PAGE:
Shell boss Ben van Beurden criticized for reaping over £18m
Shell boss Ben van Beurden criticized for reaping over £18m ahead of potential shareholder rebellion
Shell boss Ben van Beurden has come under fire for reaping more than £18m ahead of a possible shareholder rebellion this week.
Calculations by The Mail on Sunday show the Dutch businessman, who has run Shell since 2014, has seen his share valuations and other payouts soar. The amounts far exceed his official pay package of £6.1m last year.
Rewards: Since the start of 2021, Ben van Beurden has seen the value of his shares rise by around £11.7m.
Since the start of 2021, Van Beurden has seen its share value rise by around £11.7m and will pocket over £800,000 in dividends, including the first quarter 2022 payout.
He has been criticized for profiting from the cost-of-living crisis and for his resistance to demands for a one-time ‘windfall tax’ to help households struggling with bills.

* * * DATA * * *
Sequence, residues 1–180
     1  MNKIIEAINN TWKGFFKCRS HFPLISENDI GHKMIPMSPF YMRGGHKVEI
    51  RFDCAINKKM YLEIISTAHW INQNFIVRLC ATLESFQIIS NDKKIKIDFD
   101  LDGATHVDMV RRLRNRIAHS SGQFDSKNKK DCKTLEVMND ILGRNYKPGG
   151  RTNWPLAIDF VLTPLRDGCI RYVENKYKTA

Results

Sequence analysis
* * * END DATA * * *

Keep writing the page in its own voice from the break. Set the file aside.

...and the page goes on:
Robert Palmer, chief executive of Tax Justice UK, said it was “hard to justify these staggering amounts” when there is a cost of living crisis. “It will be hard to digest for ordinary people who are experiencing the biggest drop in their standard of living since the Queen’s coronation,” he added.
Howard Cox of the FairFuelUK campaign said: “What’s most disgusting to millions is that it’s not because of the incredible management skills of fat bosses, but because of lucky increases in the world price of oil.”
Investment adviser PIRC has urged Shell shareholders to vote against Van Beurden’s £6.1m ‘overpayment’ package for 2021 at Tuesday’s annual meeting in London.
A Shell spokesman said: ‘Of course we are well aware of the difficulties that high energy prices bring.
‘It’s painful for many people and a company like ours feels an obligation to help, and we do so where we can, with hardship provisions, paid holidays and other measures to help our customers.
“But the big contribution our company can make is to provide more and cleaner energy solutions and bring new supplies to the UK and therefore ease market conditions.”